COURSE SYLLABUS AND OUTLINE
YNG 138, Tue/Thur 2:00pm — 3:15pm
Office hours: Tue. 4:45pm — 5:30pm
Office: ITEB 233
PURPOSE AND APPROACH:
The purpose of this course is to introduce to the students the general topics and techniques of data mining and machine learning with specific application focus on biomedical informatics. This course introduces multiple real-world medical problems with real patient data, and how multiple analytic algorithms have been used in an integrated fashion to cope with these problems. It covers some cutting-edge data mining technology which can successfully tackle problems that are complex, highly dimensional, and/or ambiguous in labeling. General topics of data mining, such as clustering, classification, regression, dimension reduction, will be described. However, efforts will also be given to more advanced and recent topics. In particular, imprecisely supervised learning problems will be discussed, including multiple instance learning, metric learning, and learning with multi-labeler annotations etc. Throughout the entire course, practical medical/healthcare problems will be used as examples to demonstrate the adoption and effectiveness of data mining methods.
The course will consist of lectures, paper reviews and projects. Lectures will serve as the vehicle to introduce concepts and knowledge to students. Labs will be used to enforce the material given in lectures and students paper reviews will be used to study the state-of-the-art from researchers in the field. Participation is encouraged during the class.
Students are encouraged to form study groups. Three study groups are expected, and each group will be assigned a machine learning topic to study. The team member of the study group will present a series of lectures to the class. At the end of each topic study session, the study group who presents the topic will turn in their presentation slides. At the end of each study session, a short quiz will be given to test out the learning outcome. The instructor will guide through all study sessions.
As part of the course, the students will work on a term project with the goal of applying any of the studied techniques to a problem selected from a list of projects. Students are also encouraged to propose and design their own problems which need to be approved by the instructor for class suitability. Teams of two-three students will be created for each project. Each team is required to present in the classroom and submit a project report, of 10-20 pages, which includes the definition of the problem, techniques used to solve the problem and experimental results obtained. This exercise will help the team gain a hands-on understanding of the material studied in this course and promotes collaborations among team members.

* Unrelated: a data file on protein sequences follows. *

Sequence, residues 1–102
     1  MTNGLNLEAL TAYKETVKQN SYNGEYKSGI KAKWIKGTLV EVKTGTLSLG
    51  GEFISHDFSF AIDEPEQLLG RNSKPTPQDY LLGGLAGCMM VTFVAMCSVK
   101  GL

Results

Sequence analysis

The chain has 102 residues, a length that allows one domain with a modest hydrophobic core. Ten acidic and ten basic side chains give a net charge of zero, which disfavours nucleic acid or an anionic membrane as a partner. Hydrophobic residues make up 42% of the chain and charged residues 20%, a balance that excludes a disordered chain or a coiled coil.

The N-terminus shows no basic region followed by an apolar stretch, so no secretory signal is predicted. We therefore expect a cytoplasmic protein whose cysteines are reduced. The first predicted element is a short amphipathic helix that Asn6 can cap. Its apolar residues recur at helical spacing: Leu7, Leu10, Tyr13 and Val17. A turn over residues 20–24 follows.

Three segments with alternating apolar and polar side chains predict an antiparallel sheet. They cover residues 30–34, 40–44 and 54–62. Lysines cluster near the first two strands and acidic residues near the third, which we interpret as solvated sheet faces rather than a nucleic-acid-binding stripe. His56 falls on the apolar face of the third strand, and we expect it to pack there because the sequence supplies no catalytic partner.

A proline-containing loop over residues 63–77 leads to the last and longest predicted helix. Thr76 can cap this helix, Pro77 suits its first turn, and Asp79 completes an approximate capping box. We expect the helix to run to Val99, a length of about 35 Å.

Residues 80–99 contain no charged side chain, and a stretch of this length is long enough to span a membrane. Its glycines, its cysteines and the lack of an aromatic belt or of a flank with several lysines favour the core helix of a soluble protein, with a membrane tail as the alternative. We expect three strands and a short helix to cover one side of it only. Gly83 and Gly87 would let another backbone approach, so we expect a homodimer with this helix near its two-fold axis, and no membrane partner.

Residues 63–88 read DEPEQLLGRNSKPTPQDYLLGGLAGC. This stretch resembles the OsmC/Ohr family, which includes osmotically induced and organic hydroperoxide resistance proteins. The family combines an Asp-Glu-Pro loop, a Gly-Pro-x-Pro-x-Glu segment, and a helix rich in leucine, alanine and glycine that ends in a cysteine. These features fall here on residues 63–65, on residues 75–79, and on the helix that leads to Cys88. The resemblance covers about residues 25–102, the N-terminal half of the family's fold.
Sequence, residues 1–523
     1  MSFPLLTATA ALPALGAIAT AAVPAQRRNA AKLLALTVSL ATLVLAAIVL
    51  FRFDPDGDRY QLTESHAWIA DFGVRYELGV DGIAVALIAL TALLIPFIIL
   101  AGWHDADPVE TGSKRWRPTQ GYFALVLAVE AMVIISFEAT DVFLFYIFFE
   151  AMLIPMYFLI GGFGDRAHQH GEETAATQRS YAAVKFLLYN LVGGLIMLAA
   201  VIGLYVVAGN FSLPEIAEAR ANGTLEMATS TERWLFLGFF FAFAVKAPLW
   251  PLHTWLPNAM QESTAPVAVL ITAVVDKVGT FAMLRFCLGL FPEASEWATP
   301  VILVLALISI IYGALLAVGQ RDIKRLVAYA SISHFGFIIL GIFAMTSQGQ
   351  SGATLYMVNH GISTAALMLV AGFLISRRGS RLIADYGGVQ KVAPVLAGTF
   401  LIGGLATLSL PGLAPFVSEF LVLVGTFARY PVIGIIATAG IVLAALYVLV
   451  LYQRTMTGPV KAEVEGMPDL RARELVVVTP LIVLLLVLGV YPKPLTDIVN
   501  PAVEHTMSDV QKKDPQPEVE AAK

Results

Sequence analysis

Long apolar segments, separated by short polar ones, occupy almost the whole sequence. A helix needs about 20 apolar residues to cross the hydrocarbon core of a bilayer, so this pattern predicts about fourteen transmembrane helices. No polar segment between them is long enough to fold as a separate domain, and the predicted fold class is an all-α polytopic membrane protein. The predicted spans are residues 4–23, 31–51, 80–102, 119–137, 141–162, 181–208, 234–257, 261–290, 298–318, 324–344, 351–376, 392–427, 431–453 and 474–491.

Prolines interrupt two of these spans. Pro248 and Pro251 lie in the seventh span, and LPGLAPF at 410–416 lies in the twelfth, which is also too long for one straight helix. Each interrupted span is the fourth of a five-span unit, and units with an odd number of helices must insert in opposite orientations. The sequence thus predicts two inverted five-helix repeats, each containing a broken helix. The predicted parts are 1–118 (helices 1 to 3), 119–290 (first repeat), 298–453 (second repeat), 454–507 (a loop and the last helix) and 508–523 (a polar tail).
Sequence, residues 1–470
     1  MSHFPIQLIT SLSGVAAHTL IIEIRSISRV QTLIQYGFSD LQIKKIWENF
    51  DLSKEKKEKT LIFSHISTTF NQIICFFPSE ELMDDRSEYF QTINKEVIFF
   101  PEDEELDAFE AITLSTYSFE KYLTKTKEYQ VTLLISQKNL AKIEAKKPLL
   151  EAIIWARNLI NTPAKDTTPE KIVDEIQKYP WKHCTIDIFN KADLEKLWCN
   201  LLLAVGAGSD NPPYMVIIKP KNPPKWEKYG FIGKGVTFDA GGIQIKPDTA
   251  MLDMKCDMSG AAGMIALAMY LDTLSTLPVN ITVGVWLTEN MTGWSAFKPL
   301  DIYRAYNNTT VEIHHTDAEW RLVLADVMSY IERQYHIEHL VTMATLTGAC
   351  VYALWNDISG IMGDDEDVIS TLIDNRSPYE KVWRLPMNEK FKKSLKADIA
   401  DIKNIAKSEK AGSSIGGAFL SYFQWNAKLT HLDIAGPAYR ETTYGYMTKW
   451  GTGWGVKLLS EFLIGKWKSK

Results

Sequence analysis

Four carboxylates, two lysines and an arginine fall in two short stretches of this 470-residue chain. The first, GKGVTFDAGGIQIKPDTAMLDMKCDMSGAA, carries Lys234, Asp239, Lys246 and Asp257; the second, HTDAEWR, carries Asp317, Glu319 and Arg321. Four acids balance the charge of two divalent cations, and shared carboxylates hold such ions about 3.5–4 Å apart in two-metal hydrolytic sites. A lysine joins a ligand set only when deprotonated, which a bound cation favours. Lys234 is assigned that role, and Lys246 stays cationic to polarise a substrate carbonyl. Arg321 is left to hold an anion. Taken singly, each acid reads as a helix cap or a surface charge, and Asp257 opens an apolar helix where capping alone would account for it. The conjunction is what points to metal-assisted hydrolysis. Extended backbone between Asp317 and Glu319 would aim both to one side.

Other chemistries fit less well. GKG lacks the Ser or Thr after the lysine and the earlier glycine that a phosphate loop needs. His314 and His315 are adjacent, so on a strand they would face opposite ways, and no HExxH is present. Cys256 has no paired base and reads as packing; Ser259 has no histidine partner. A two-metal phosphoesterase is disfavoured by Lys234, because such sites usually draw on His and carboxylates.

- Get to know some general topics in biomedical informatics
- Focus on some high-demanding medical informatics problems with hands-on experience of applying data mining techniques
- Equip students with knowledge about the basic concepts of machine learning and the state-of-the-art literature in data mining/machine learning
- Introduction to Data Mining by Pang-Ning Tan, Michael Steinbach, and Vipin Kumar, ISBN-10: 0321321367
- Pattern Classification (2nd Edition) by Richard O. Duda, Peter E. Hart and David G. Stork, ISBN-10: 0471056693
- Pattern Recognition and Machine Learning (Information Science and Statistics) by Christopher M. Bishop, ISBN-10: 0387310738
- Micro teaching assignment (1): 20%
- In-class/In-lab open-book open-notes quizzes (5): 40%
- Term Project (1): a team can only consist of one or two persons, 30% (choosing project from a list of pre-defined ML projects)
- Participation: 10%
8 Lectures by the instructor
4-6 Lectures by topic study groups (three topics of this semester are:
Support Vector Machines